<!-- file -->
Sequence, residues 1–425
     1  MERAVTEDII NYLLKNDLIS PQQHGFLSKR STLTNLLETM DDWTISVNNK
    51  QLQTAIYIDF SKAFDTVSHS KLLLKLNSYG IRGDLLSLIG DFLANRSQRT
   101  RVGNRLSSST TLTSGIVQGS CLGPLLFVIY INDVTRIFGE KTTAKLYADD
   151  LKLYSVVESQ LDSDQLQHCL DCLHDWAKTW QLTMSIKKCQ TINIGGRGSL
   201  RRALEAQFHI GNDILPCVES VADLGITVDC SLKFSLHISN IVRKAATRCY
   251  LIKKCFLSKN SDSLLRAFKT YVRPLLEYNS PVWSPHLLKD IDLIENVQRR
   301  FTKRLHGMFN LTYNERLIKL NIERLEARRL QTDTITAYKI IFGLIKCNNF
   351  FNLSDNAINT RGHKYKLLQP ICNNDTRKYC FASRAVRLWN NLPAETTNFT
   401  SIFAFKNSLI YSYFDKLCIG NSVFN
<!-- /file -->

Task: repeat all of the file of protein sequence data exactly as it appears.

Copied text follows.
Sequence, residues 1–425
     1  MERAVTEDII NYLLKNDLIS PQQHGFLSKR STLTNLLETM DDWTISVNNK
    51  QLQTAIYIDF SKAFDTVSHS KLLLKLNSYG IRGDLLSLIG DFLANRSQRT
   101  RVGNRLSSST TLTSGIVQGS CLGPLLFVIY INDVTRIFGE KTTAKLYADD
   151  LKLYSVVESQ LDSDQLQHCL DCLHDWAKTW QLTMSIKKCQ TINIGGRGSL
   201  RRALEAQFHI GNDILPCVES VADLGITVDC SLKFSLHISN IVRKAATRCY
   251  LIKKCFLSKN SDSLLRAFKT YVRPLLEYNS PVWSPHLLKD IDLIENVQRR
   301  FTKRLHGMFN LTYNERLIKL NIERLEARRL QTDTITAYKI IFGLIKCNNF
   351  FNLSDNAINT RGHKYKLLQP ICNNDTRKYC FASRAVRLWN NLPAETTNFT
   401  SIFAFKNSLI YSYFDKLCIG NSVFN